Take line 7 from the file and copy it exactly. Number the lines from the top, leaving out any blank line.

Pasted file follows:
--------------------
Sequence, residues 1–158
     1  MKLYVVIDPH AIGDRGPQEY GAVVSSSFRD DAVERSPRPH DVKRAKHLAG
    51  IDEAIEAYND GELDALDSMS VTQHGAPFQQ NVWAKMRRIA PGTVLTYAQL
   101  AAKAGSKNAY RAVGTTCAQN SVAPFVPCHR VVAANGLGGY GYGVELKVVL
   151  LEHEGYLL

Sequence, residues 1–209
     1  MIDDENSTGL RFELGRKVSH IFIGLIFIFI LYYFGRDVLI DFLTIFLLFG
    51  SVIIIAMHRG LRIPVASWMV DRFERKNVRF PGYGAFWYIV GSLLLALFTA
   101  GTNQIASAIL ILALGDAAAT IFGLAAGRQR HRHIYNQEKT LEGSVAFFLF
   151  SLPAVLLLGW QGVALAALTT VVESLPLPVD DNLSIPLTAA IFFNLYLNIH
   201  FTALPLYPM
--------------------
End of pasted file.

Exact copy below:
     1  MIDDENSTGL RFELGRKVSH IFIGLIFIFI LYYFGRDVLI DFLTIFLLFG